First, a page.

Friday, July 29, 2016


We've been in Fiji for 10 days now.  Pulled the canoe out of its storage place under a house, cleaned it up, assembled it and sailed away to where we stay with friends.  The wind has been a relentless 25 knots since we've arrived and since it's July I don't expect it to change.  It has been a good workout and test of the cambered junk rig.  It's quickly reefable to any amount of sail area and the Hong Kong parrels I added this time have improved the sail shape in strong winds.
Because of my constant curiosity about alternate sail rigs, I intend to try something different again for the next trip.  I'll bring a standard balanced lug rig which is similar to the junk but without the battens.  The polytarp I used for the junk rig is nearing the end of its life so I would have to replace it in any case.
So far my wife Rose has caught a Spanish mackerel and a trevalley from the canoe; each of which fed four.
A little over a week to go and then it's back to the NZ winter and fires every night.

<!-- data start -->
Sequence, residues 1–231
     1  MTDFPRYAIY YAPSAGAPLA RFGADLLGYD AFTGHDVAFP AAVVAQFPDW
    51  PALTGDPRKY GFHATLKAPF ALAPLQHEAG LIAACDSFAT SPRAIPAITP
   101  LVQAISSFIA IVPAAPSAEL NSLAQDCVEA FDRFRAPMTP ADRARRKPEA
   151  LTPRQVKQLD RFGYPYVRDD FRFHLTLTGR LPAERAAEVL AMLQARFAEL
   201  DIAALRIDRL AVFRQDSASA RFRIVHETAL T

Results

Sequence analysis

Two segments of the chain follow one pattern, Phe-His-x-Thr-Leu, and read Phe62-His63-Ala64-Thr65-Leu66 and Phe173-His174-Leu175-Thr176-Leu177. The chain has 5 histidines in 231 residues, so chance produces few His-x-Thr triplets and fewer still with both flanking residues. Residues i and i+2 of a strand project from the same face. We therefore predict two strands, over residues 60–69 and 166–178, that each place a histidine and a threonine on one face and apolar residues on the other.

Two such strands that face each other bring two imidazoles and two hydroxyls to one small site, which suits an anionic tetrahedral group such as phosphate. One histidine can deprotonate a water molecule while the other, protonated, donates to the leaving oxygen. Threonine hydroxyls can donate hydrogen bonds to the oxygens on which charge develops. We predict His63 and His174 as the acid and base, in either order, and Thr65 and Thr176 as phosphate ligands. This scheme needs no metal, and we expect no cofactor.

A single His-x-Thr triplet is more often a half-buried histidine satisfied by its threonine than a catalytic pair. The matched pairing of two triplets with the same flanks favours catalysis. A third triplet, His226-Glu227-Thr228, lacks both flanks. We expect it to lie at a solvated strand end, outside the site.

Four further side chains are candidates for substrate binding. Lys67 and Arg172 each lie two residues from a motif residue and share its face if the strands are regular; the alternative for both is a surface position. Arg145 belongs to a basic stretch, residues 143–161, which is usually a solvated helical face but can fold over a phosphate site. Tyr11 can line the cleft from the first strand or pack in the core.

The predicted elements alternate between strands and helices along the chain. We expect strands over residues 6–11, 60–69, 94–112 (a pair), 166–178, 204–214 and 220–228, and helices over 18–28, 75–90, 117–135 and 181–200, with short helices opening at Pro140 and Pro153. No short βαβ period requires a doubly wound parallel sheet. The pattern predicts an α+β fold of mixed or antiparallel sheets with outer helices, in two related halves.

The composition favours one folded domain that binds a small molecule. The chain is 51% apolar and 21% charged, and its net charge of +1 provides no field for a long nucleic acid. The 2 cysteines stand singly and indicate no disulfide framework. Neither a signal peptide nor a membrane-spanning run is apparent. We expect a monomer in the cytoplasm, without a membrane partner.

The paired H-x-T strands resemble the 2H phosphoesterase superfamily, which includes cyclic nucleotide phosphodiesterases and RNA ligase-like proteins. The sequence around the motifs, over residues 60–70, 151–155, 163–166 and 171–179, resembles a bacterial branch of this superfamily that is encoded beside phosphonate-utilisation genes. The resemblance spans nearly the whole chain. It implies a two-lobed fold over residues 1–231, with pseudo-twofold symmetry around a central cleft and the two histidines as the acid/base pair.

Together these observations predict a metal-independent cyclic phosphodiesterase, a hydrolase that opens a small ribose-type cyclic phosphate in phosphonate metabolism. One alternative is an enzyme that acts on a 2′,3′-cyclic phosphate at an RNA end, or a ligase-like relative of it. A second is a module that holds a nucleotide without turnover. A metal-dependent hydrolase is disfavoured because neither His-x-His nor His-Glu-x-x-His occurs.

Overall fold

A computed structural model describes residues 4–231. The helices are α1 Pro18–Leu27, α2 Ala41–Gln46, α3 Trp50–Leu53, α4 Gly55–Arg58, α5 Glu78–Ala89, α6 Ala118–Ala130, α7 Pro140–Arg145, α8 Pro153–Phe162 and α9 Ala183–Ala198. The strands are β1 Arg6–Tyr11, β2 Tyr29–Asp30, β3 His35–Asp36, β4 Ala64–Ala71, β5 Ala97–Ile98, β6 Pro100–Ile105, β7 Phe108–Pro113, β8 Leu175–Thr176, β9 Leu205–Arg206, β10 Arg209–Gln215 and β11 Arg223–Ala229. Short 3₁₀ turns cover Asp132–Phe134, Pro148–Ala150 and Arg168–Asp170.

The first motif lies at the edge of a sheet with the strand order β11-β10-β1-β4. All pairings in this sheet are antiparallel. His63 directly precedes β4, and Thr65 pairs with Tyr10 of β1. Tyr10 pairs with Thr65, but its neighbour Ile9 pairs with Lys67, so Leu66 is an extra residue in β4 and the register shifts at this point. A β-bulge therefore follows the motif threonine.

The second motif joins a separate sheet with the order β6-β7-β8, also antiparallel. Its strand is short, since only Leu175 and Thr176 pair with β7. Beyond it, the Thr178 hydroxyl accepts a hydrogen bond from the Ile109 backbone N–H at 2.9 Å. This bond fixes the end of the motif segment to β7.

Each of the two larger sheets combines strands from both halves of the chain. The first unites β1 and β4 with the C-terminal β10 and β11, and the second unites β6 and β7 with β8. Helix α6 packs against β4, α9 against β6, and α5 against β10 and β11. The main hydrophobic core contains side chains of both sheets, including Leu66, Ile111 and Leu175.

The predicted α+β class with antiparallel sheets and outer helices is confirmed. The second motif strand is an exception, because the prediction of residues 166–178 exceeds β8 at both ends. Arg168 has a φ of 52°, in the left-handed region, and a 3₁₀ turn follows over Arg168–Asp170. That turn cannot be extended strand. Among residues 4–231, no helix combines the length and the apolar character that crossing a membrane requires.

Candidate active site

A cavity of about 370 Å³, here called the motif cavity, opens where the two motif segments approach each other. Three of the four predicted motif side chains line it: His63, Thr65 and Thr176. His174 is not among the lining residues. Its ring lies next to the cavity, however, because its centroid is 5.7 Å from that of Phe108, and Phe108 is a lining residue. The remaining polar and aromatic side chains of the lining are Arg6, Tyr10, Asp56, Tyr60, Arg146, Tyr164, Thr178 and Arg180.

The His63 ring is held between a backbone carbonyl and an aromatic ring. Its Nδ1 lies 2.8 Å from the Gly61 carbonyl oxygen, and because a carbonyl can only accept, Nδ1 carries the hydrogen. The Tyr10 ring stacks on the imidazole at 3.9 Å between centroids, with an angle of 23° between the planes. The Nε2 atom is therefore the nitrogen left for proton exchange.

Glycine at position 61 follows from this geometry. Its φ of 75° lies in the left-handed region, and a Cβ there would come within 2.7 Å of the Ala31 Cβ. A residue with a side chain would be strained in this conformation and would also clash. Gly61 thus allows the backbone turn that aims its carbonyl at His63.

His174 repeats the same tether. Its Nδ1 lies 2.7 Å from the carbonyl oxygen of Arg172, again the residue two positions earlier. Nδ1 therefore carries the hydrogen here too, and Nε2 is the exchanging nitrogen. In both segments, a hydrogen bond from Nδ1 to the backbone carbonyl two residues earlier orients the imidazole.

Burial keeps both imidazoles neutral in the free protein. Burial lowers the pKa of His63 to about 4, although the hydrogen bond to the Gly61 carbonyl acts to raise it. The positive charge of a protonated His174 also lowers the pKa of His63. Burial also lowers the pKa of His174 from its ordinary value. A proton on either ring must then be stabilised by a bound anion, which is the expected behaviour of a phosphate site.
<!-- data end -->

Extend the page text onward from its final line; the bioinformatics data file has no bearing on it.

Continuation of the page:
Tuesday, July 12, 2016

Hawaiians Have More Fun

 They are having waaay too much fun. 

The new ama for Tarawa is just about finished.  The six struts are epoxied deep inside and two coats of paint have been applied.  I've decided to take Russ Brown's advice and skip the undercoat.   Undercoats don't flow out so you either have to spray them on or end up sanding most of them away to smooth them.  In this country West epoxy is half the price per liter of a good undercoat, so it's more economical to keep applying resin until you have a fair and smooth surface.  Looks good too.

My wife and I are off to Fiji for the next three weeks.  We will see how well our Tamanu survived the massive hurricane they had there a few months ago.  Hopefully we'll snag some big fish outside the reef too.

Saturday, July 2, 2016

The Opelu

The photo above is of a model of the Opelu Hawaiian canoe featured in Tommy Holmes' book The Hawaiian Canoe.  The model was built by Tevita Kunato who is now carving a 19 footer from an albezia log in Hawaii.  Follow his progress here and here.